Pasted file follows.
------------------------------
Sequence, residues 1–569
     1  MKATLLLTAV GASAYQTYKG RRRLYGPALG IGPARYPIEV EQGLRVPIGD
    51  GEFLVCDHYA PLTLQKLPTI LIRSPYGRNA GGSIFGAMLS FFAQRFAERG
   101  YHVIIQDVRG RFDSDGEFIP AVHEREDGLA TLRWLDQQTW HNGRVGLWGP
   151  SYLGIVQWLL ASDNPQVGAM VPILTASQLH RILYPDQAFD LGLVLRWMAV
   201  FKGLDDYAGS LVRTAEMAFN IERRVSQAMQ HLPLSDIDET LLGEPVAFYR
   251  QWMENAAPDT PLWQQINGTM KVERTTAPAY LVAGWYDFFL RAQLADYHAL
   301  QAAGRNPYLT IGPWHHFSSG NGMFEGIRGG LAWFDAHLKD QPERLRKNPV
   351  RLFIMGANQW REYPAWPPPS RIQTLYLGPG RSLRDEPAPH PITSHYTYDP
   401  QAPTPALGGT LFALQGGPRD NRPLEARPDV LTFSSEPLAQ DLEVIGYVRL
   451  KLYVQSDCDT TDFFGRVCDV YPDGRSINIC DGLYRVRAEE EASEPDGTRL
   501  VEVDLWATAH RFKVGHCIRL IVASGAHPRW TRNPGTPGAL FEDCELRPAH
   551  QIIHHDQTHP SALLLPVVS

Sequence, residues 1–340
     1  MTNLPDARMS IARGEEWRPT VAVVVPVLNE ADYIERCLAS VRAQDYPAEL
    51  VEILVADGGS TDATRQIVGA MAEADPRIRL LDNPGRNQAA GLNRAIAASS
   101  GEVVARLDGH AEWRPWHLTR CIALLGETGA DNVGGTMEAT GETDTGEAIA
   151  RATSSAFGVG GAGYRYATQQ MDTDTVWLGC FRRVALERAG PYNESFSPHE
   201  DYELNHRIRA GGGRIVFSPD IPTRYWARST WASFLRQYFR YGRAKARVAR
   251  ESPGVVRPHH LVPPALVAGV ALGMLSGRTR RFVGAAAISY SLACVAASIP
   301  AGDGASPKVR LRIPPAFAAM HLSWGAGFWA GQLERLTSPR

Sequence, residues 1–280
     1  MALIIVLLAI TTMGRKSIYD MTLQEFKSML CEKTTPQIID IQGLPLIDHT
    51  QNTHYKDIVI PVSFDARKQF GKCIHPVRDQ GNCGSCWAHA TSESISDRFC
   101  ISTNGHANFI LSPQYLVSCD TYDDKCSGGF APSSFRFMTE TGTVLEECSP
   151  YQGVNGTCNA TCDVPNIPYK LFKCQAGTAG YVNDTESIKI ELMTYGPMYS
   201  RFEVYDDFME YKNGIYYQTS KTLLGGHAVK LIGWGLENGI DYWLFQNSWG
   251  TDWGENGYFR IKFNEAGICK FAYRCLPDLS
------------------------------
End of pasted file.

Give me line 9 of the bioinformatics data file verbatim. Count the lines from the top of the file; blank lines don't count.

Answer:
   351  RLFIMGANQW REYPAWPPPS RIQTLYLGPG RSLRDEPAPH PITSHYTYDP